I was going to make this post about the bad hits of 1966. Well, not "bad", per se, but let's say "quirky" hits. Hits that don't really jibe with the 1966 vibe. The trouble is, I'm not done with the best ones yet; there are just too many. Maybe 1966 was better than my cloudy mind remembered.
I had one birthday party in my whole life. Yes, that's right. Kids were deprived back then. I invited every kid in my class, plus my cousins and of course my best friend, who didn't go to the same school as I. This next song created a bit of a tiff between my best friend and another friend from school (I really only had one "true" friend, but this was, I guess a friend-in-waiting, in case the main friend was unable to fulfill her duties.) Anyway, I had asked for a couple of 45's and when I opened this one from friend-in-waiting, I exclaimed, "Just what I wanted!" Well, this did not go over well with best friend, who complained, "I thought you wanted....". Despite hard feelings, I still love this song:
(Yes, Bill Medley had a career even before "Dirty Dancing".)
Another major milestone in my life was the appearance (on NBC) of this phenomenon. By then my family had moved to a new town and I was lonely. So these four became my confidants, unbeknownst to them. My husband and I watched an episode of their show recently and let me tell, you, it was truly awful. In 1966 I didn't care, though. I really only watched it for the music:
I wasn't cool back then. Part of it was because I was a kid. Partially it was because I didn't have enough money to be cool. I had a paltry record collection -- and by "record collection", I mean 45's. My brother had LP's; I only had about two LP's and that was because he bought them for me as gifts. So I didn't have the opportunity to become a sophisticated music connoisuer. One of the LP's my brother bought me, though, had this song on it, and it was sophisticated...well, more so than the Monkees:
The Mamas & The Papas boasted two things that no other group of that time can claim: two of the best pop singers ever ~ Denny Doherty and Cass Elliot. (The third thing they probably wouldn't "boast" about is that -- I suspect -- Michelle Phillips' mic was always on the "off position.) Oh, and duh, John Phillips wrote the songs (hello!)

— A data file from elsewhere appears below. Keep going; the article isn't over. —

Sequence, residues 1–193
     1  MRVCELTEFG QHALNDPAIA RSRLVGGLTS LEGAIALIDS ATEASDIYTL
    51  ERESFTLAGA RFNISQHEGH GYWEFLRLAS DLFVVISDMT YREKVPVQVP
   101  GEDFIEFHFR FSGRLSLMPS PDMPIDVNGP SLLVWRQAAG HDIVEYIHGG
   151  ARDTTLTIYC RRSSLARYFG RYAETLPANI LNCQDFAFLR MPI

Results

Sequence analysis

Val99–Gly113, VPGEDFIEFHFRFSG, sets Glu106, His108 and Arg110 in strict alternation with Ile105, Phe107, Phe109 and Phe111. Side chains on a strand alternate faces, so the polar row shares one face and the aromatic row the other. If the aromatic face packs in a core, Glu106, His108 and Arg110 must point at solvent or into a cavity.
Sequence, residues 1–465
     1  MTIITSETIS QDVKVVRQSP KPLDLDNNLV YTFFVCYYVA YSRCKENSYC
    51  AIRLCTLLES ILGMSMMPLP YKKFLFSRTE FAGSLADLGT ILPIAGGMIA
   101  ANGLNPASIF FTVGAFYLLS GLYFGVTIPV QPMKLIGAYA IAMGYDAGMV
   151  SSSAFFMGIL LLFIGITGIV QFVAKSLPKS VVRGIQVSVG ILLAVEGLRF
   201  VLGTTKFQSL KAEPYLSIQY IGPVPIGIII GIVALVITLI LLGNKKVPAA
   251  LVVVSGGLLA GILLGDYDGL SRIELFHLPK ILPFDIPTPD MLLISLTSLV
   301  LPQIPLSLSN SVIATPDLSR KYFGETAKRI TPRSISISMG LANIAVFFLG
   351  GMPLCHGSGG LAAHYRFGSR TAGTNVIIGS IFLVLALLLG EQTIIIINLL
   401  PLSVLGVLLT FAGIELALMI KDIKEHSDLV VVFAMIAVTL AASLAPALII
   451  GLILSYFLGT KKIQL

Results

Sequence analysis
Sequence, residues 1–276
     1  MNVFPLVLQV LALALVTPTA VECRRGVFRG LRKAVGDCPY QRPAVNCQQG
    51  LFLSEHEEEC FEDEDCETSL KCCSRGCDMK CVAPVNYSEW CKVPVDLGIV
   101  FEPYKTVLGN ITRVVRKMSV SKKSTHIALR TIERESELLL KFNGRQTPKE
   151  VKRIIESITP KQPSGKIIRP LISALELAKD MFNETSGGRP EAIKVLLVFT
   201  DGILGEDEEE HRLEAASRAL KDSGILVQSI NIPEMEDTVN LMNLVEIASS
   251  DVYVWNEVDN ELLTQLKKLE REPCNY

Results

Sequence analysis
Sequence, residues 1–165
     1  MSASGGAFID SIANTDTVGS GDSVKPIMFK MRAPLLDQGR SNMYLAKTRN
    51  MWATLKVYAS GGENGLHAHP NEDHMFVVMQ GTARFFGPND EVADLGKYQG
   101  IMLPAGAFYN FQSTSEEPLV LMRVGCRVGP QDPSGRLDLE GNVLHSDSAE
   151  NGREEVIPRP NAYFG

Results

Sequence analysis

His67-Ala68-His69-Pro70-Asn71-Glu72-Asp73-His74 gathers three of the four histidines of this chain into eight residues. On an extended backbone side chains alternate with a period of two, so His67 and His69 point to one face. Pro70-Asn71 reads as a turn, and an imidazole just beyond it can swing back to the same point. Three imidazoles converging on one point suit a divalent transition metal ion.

I always liked this next song when it came on our kitchen radio. I had absolutely no idea what it meant -- I didn't know why somebody had to stone somebody else. It seemed mean. But I guess that's what packed a punch for me; that and the sort of old-time raggedy piano.
My husband worships Bob Dylan like I worship Merle Haggard. But at least Merle had more than two hit songs. I know, intellectually, that Dylan is a great writer. We were watching a PBS special on the history of Duluth, Minnesota, and the narrator quoted some words about the city. I thought, wow, that says it so poetically. Then she said, "words written by Bob Dylan". So, yea, he can say things better than almost anybody. I give him that.
You know those groups that were always around but never got any respect? Well, here's one now. I think it's because their songs were so....rudimentary? But in 1966 - 1967 hardly anyone was bigger than Tommy James & The Shondells. Ever go to a bar with a juke box or to a wedding dance and not hear "Mony Mony"? I thought not. How about, "crimson and clover over and over"? Yea, so see? Tommy James was the master of repeating the same three or four words over and over and making them a hit. Thus:
Another artist my husband worships is another that I can take or leave. Sure, in 1965 this band had a huge hit song that was famous for its opening guitar riff. But I can count on one hand and have fingers left over, the number of Rolling Stones tracks I truly like. Sorry; that's just how it is. I like Ruby Tuesday and As Tears Go By. This one is...okay:
There's a reason I'm not including a live performance of this next song. There's just something about a seventy-year-old guy singing, "Devil With The Blue Dress". No offense to old dudes; I, too, am old. But you don't mess with my memories. Trust me on this: one could really do the jerk to this song, especially in front of the mirror. Here's Mitch Ryder and the Detroit Wheels:
I defy anyone to say this is not a great song. I have no idea who comprised the Left Banke; I really should research that one day. This is probably the worst quality video I've ever featured, and it cuts off before the end, but I work with what I've got. "Walk Away Renee":
Some 45's had special sleeves -- not the ones with the cutout in the middle, but ones with real technicolor photographs. I had one of those. It was for "Back In My Arms Again" and it featured three women in elegant long gowns. Kind of like this:
The Supremes had a relatively short shelf-life, but they were huge in their time. This song certainly wasn't my favorite of theirs, but 1966 is what 1966 is. 1964 to 1966 was The Supremes' two-year reign. After that, it all looked kind of irrelevant, like they were trying too hard.
The Turtles hadn't quite hit their stride yet in 1966. That would come a year later with a song that will live forever in the minds of Ferris Bueller fans and in the minds of people like me. I could never quite get a handle on the Turtles. They were like the IT guys in your company; the guys you call when something isn't functioning right, and they pick up the phone if they're not too engrossed in their video game. Then, at the Christmas party, they blow you away with their previously undisclosed awesomeness. That, in essence, is the Turtles.
I think (think!) I have exhausted the best of the best of 1966.
Next time, the quirky.